The Apply Mode menu controls how the texture is composited over the source image. For descriptions of all the possible Apply Modes, Click Here.

Apply Mix controls the mix of the specified Apply Mode with the Normal apply mode. If the Apply Mode is Normal, Apply Mix has no affect. If Apply Mix is 0, Apply Mode has no affect. Increase Apply Mix to blend the Apply Mode setting with the Normal apply mode.


3D Bump Mapping Parameter Group

3D Bump Mapping is used to create the appearance of three-dimensional detail on a surface.

Select the Use Bump Map checkbox to turn on the Bump map. If this checkbox is not selected, the other parameters have no affect.

The Light Type menu determines the type of light source.

  • Point combines both focused (specular) and diffuse light. You can use this Light Type to create the appearance of a shiny surface lit by a point light source.
  • Distance creates a non-directional infinitely distant diffuse light, similar to sunlight.
  • Spot creates the look of a traditional theatrical spotlight. Spot creates a small spot of intense light whose falloff can vary.

Light XY positions the light source in space by moving the light parallel to the image plane along the X and Y axes.

Light Z positions the depth of the light source relative to the image plane. A value of 100 places the light one source width above the image plane. Light Z can be negative, which places the light behind the image plane. If Light Z is negative, the light is seen only if the object is rotated or displaced so that all or part of it is behind the light source (that is, the light source always points in toward the object, never out at the viewer).

Light Intensity controls the intensity of the light.

Light Color controls the color of the light.

White in Specular increases the amount of white in the specular light. Increasing this value can create a more metallic surface effect. This parameter is only useful when Specular Intensity has a value greater than 0.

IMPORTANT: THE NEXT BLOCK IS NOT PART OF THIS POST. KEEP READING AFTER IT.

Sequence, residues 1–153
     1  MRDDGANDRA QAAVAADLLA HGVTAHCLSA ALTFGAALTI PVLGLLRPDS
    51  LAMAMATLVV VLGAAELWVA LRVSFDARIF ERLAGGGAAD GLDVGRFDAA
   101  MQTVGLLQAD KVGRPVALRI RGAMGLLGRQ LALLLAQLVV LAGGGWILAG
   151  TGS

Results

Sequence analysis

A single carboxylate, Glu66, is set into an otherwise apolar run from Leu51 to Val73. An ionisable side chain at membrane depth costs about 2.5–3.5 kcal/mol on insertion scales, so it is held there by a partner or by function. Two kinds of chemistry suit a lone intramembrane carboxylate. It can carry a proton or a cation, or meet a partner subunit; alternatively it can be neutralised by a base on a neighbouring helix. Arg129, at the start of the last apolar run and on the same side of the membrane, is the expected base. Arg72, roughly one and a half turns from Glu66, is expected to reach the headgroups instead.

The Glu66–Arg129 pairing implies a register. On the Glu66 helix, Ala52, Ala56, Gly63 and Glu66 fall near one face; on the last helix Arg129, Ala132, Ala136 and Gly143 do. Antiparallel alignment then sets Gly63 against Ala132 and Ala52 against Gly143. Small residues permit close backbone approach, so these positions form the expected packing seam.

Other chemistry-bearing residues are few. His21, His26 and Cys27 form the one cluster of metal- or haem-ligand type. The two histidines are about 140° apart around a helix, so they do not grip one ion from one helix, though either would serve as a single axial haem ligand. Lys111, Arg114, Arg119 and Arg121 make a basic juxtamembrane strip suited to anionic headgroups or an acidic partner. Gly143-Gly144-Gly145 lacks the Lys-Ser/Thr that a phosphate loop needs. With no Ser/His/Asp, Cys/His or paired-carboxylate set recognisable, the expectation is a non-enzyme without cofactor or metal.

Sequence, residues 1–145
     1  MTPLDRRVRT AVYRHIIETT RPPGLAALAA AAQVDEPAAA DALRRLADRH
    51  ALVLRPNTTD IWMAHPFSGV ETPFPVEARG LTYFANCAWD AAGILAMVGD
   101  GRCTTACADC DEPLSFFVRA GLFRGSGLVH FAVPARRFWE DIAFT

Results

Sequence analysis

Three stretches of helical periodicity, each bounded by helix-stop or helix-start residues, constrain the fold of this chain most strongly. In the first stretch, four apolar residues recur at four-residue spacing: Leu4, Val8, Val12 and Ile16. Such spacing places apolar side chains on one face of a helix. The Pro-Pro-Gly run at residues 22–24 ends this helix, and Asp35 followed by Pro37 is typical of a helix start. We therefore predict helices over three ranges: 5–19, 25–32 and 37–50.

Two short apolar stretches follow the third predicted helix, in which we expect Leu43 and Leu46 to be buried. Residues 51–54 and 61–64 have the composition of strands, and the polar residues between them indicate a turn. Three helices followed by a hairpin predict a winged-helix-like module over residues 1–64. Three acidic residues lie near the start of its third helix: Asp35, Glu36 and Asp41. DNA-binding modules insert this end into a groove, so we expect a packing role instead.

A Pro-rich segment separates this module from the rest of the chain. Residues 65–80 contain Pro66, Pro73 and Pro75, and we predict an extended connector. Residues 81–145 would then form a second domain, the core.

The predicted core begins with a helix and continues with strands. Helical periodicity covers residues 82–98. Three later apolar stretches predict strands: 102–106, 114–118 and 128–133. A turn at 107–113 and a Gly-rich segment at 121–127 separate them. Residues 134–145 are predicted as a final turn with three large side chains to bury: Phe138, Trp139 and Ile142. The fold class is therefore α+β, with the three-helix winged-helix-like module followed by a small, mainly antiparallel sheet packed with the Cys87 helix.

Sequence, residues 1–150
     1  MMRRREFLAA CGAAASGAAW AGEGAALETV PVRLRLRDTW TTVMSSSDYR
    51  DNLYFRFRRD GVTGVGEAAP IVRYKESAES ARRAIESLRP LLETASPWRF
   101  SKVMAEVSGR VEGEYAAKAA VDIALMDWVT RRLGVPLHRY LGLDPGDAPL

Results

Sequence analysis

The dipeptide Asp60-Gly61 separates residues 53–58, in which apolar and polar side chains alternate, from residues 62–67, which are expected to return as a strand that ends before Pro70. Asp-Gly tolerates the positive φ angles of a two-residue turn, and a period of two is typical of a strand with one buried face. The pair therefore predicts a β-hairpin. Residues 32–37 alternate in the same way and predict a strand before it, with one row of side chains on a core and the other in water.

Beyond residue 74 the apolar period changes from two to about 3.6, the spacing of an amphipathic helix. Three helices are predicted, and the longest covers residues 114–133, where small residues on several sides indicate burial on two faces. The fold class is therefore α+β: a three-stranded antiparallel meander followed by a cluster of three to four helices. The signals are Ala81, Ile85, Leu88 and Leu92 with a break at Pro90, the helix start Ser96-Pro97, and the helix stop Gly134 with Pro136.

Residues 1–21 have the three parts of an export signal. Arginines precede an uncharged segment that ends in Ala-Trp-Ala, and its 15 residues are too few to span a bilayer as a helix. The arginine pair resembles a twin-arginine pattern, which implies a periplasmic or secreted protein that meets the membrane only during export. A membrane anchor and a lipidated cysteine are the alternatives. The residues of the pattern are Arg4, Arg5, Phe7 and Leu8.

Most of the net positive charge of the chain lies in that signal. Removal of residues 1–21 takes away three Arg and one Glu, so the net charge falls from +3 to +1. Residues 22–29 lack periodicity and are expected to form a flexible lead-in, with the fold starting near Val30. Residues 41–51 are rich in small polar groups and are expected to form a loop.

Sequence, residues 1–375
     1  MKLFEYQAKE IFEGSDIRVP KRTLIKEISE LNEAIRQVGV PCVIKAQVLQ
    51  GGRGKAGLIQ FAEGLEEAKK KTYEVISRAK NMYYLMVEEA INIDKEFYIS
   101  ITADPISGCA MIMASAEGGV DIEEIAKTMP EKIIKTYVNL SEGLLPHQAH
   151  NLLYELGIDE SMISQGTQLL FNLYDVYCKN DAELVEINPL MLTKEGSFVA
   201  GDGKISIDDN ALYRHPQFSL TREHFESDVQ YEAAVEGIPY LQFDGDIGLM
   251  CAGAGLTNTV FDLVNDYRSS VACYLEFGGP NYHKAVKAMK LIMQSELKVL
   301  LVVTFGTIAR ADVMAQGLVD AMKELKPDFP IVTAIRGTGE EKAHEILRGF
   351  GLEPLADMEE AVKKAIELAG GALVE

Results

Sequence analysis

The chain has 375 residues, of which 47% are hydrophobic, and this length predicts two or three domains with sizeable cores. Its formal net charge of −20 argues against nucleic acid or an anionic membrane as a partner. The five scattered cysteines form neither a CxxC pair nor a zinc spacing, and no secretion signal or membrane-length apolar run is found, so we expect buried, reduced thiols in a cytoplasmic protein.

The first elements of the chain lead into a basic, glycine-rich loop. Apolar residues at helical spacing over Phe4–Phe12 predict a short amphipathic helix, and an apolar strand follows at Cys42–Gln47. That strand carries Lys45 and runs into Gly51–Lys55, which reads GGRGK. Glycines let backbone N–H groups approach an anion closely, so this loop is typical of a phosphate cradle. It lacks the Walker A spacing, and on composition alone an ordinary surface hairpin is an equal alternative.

Ambient Intensity adjusts the total amount of diffuse light on the image. The default setting of 100 does not add or subtract ambient light from the source image. Decreasing this setting makes the image darker before the other lights are applied. Ambient light illuminates or darkens the image evenly, and is unaffected by any other lighting parameters.

Diffuse Intensity determines the amount of non-directional diffuse light applied to the object. Increasing Diffuse Intensity brightens the object uniformly.

Specular Intensity simulates lighting a glossy surface from a point source, creating a small spot of intense light whose falloff can vary. Increasing this value adds reflected light to the surface.

Shininess controls the rate at which the Specular light falls off from the center of the lit region. A higher Shininess value creates a more concentrated highlight, simulating a shiny, highly reflective surface. A lower Shininess value spreads light more evenly throughout the lit region, simulating a rougher, less reflective surface.

Bump Height determines the height of the bump map used to create the texture of the bricks.

Bump Smoothness adjusts the amount of blur applied to the bump map. Higher values produce more blur, which tends to reduce the amount of detail and noise in the filtered image.